“I admired Sheila’s common touch, how humbled she remained as Lt. Governor. She wasn’t impressed by the title for title’s sake. She believed she could and did impact more lives of the voiceless across our great state. It was never about her,” Ms. LaRue said.
Asbury Park’s Felicia Simmons knew that about Sheila Oliver too. She met the then Speaker in 2018. Ms. Simmons received an award from the National Action Network that night. Madam Speaker was the keynote for the evening. Later on, Ms. Simmons remembers spending time talking about not only state politics but going “deep” about Asbury Park. She remembers hearing Speaker Oliver talking about the Westside and the late Assemblyman Tommy Smith and the Westside Community Center.
Ms. Simmons remained in touch with Oliver as she rose through the ranks in State government, and she is still grateful and humbled at what she learned over time. Perhaps the most important thing was that you always have to be ready. “When she was at the table, she was always there for us, Black people and particularly Black women.” Ms. Simmons says. “Sheila knew about many young women and pushed them forward. She came and created a place for herself so she could help move someone else. But what are we gonna do now? Who’s gonna look out for us?” she laments.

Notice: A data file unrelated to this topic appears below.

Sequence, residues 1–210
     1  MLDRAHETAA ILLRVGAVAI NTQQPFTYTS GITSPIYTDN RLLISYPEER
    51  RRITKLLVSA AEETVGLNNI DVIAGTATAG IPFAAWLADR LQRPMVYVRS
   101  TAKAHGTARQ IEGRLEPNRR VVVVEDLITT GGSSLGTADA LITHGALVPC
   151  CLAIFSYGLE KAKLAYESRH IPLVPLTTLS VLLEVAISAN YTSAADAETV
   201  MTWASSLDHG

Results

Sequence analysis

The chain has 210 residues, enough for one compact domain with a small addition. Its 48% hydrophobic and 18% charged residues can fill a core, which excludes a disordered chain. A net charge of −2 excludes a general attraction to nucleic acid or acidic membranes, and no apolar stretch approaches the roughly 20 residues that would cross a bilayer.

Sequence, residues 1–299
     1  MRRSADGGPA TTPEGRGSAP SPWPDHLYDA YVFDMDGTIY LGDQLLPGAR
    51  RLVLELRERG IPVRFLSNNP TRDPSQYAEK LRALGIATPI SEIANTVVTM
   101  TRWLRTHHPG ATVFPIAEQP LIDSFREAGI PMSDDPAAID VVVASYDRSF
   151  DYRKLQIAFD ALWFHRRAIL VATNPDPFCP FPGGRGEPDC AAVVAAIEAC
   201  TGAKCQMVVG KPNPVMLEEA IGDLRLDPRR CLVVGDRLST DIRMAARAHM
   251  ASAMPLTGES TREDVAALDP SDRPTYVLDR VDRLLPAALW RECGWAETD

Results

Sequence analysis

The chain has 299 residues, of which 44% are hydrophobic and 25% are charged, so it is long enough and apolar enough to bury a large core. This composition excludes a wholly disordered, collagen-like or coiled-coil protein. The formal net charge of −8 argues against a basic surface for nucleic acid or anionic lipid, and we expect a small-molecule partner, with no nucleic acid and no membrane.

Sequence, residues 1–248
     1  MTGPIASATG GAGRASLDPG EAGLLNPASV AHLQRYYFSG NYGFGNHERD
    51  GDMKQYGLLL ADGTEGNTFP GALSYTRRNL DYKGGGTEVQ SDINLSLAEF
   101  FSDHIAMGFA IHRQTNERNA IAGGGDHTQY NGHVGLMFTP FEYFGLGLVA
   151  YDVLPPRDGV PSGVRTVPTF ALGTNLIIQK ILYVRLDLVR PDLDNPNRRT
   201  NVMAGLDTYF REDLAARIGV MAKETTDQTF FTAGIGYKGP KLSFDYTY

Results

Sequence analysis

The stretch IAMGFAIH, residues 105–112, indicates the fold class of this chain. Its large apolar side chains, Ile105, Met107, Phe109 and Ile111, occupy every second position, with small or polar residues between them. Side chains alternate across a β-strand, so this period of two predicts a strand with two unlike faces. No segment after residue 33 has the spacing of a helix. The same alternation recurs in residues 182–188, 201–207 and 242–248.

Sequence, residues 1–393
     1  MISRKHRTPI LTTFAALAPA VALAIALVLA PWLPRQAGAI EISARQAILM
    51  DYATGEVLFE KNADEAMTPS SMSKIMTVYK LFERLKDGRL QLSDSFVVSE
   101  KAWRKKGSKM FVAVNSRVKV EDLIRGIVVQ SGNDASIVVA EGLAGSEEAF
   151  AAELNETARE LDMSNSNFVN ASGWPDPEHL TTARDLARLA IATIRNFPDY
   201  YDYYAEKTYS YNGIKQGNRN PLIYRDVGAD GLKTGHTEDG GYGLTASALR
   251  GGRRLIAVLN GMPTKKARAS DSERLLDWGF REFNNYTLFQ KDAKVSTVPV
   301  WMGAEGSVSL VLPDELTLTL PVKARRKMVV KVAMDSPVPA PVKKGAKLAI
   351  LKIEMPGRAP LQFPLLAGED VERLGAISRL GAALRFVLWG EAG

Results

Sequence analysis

One of the last things that the Lt. Governor did for this part of Monmouth County was to sign off on a Department of Community Affairs Grant of $156,672 in July, for Red Bank’s Lunch Break, a non-profit organization that offers “food, clothing, life skills and fellowship” to those in need. Executive Director, Gwen Love, never met Lt. Governor Oliver, and is saddened by her passing.